Feedback needed on making parks friendly for kids with disabilities

Madison Heights has budgeted for park improvements in coming years

By: Andy Kozlowski | Madison - Park News | Published July 26, 2017

MADISON HEIGHTS — Madison Heights City Councilman Robert Corbett wants to hear from the community on what kind of changes or additions should be made in the parks to make them more enjoyable for kids with disabilities to use.

The City Council has already programmed $25,000 into the current fiscal year’s budget to upgrade playground equipment in the parks.

Another $75,000 is programmed over the next several years for the same purpose, with other revenue in varying amounts for playscape upgrades, trail resurfacing and parking lot improvements.

While nothing is set in stone, Corbett thinks a portion of the money could go toward additions like handicapped-accessible swings or playscapes that are more horizontal than vertical in design, and thus easier for kids with disabilities to enjoy.

But he said he and other members of the City Council aren’t experts on the subject, so they want to hear from residents who may have children with disabilities or know others who do, and what they think would make the parks more accommodating. 

Residents are asked to share their ideas by calling the City Manager’s Office at (248) 583-0829.

“It occurred to me when my wife showed a photo from the internet of a swing that could be accommodating to children in wheelchairs,” Corbett said. “It was a platform attached to the swing, with a ramp you could use to push up the wheelchair, and then you secure the chair to the swing. Otherwise, it operates like a normal swing.”

At press time, Corbett was planning to visit Friendship Park in Orion Township, at the intersection of Clarkston and Baldwin roads, where he heard there is equipment in place for children with physical disabilities. 

“It would be nice to set aside a certain percentage of the money in each of the parks to make accommodations to handicapped children,” Corbett said. “I’m open to the amount. Really, nothing is fleshed out at this point, but I’d be interested in hearing from people on what kind of equipment would be of help or enjoyment to a handicapped child. And I suspect no one would know better than the parents of one.”

Corbett said there was a period during his own childhood when he himself had limited mobility.

“Back in the ’50s and ’60s, there weren’t many opportunities for kids with physical limitations,” he said. “But now with the advancements in plastic and other construction materials, it’s much easier to construct environments that are friendly to these kids, be it swings or playscape. Once I even saw a merry-go-round with open spaces for someone to sit there in their wheelchair.”

The push for more accessible and accommodating parks falls in line with recent upgrades to the parks that aim to make them a more comfortable experience for all.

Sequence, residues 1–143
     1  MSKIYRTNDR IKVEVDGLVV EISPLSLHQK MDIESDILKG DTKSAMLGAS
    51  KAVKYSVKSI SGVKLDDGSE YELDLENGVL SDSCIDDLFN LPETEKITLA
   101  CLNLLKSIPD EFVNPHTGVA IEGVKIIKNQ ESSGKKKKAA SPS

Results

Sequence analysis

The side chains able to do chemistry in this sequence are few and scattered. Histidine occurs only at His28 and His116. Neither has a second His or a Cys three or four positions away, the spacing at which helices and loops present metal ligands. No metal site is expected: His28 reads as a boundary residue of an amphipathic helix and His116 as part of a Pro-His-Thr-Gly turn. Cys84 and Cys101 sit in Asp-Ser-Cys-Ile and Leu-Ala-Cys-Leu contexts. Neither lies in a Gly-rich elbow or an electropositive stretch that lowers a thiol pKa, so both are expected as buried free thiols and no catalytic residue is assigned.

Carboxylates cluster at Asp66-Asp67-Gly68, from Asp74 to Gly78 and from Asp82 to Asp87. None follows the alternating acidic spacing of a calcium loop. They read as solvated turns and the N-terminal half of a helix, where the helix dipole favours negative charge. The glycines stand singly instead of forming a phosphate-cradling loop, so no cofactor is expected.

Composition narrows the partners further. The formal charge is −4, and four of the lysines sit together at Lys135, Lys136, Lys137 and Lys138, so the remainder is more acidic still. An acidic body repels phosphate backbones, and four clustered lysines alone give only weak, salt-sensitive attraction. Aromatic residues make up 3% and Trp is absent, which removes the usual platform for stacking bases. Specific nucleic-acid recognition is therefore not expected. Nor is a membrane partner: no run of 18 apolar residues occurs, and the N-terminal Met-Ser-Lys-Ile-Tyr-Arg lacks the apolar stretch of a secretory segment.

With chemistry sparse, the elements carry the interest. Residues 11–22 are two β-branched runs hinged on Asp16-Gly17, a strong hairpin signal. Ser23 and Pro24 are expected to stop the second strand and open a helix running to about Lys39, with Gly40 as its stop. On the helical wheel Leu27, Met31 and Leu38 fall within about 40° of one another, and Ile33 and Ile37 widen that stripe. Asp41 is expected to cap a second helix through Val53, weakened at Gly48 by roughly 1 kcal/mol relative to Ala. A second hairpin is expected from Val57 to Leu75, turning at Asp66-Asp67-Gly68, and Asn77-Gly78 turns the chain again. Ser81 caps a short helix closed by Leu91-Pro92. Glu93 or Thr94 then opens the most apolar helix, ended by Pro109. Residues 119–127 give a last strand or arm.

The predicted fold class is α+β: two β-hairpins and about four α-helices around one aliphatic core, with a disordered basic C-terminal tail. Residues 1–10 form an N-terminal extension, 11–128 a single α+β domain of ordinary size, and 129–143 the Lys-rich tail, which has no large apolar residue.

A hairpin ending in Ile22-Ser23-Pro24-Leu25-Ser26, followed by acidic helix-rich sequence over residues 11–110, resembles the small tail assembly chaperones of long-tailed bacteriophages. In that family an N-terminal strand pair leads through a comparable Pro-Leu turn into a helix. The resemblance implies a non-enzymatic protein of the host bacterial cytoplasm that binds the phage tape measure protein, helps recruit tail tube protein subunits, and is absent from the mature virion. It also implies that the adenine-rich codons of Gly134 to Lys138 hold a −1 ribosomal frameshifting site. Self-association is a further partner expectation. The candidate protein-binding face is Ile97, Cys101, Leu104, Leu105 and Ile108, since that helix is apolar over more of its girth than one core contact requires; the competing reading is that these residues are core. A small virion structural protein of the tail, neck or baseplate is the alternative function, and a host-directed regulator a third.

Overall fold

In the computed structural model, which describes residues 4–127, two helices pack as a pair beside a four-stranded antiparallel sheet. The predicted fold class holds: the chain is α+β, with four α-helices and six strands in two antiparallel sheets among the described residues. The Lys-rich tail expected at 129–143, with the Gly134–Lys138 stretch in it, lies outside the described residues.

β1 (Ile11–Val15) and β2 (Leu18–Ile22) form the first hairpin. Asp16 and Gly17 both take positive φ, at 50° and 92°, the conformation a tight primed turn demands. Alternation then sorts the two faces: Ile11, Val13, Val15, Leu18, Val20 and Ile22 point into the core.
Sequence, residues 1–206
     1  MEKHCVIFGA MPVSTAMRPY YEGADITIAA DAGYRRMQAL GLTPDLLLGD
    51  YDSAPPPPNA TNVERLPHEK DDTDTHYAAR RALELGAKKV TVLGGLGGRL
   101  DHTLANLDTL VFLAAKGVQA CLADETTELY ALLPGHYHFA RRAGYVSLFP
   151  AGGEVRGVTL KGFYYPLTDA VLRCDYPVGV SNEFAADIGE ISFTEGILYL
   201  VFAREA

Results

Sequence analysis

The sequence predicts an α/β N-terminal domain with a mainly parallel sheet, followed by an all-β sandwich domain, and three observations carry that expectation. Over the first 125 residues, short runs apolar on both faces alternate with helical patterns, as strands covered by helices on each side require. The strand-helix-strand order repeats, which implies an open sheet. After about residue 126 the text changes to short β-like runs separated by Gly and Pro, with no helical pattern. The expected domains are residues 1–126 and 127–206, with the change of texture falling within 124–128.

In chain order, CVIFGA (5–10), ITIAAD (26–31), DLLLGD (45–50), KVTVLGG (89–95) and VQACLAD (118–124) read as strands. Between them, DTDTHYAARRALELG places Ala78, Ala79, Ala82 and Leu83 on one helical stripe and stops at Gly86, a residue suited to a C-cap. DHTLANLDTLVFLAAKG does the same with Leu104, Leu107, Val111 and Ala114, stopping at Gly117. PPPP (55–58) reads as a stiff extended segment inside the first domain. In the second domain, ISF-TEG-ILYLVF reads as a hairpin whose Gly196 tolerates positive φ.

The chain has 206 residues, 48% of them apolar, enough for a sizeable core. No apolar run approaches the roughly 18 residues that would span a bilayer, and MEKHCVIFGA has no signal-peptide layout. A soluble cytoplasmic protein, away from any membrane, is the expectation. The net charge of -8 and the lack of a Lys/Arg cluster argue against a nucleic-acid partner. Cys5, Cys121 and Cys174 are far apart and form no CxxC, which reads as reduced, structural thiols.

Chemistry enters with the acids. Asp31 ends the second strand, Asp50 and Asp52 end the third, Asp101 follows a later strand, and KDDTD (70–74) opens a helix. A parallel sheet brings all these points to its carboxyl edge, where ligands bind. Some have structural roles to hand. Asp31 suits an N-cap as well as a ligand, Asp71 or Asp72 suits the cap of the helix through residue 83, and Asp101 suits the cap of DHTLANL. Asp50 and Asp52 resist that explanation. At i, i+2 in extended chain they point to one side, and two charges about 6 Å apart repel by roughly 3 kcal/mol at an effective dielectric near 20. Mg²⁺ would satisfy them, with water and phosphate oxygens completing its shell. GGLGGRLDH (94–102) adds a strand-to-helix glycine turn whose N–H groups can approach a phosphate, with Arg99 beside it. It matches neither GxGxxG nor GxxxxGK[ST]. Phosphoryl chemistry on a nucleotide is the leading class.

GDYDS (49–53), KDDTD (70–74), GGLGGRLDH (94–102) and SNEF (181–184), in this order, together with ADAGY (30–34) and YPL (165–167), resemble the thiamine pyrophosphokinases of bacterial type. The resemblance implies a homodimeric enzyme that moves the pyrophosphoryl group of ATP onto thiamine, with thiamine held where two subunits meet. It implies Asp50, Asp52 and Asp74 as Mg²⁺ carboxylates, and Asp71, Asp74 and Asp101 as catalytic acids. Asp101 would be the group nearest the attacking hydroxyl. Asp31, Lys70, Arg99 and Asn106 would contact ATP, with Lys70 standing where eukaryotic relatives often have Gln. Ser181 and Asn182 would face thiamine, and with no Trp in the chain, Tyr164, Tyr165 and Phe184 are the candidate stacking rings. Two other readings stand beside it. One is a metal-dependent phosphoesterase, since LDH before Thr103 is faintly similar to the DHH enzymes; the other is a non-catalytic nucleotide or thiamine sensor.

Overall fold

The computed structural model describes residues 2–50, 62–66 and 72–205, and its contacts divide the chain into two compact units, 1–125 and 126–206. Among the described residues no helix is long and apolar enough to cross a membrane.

Mayor Pro Tem Mark Bliss said in an email that the City Council received a lot of helpful feedback in multiple online surveys and two public forums on the topic of park usage and the public’s desires. In addition, Bliss and Mayor Brian Hartwell held a series of small town halls in the parks last summer, where this was a recurring topic.

“Last summer, based on feedback from those mini town halls, I added an item to a council agenda to put portable family restrooms in our most frequented parks: Civic Center Park, Rosie’s Park, Huffman Park and Monroe Park. Initially, it was a test run made possible by reallocating a one-time budget savings, but it was so popular that the program was adopted into this year’s budget as an official council goal,” Bliss said.

“It may not seem like a big change, but seniors and families can now be confident that when they go to these parks, they’ll have a restroom they can utilize, one that includes a changing table so nobody will have to leave the park to use the bathroom,” Bliss said. “As a parent myself, I can’t tell you enough how much that changes the park experience.”

The city also is installing new swings across the parks this year, as well as adding the first new play structure to the parks system since the addition of Monroe Park back in early 2010, he said.

“I’m proud of the steps we’ve been able to take while also taking steps to improve our long-term financial outlook and public safety. But there’s more to do, and during this past goals session we were able to build a nice foundation that we’ll be able to add to in the future,” Bliss said.

“Personally, I’d like to see us make our parks more accessible by adding new recreation equipment into our parks system that’s specifically designed for seniors and those with disabilities. Also, play structures that are specifically designed for toddlers and small children would be a welcome addition,” he said. “Now, the financial realities we’re dealing with mean that we must take a slow and measured approach here, but if we stay focused and keep adding a little bit each year, it won’t take long for our parks to be as comfortable and accessible as we all know they can be.”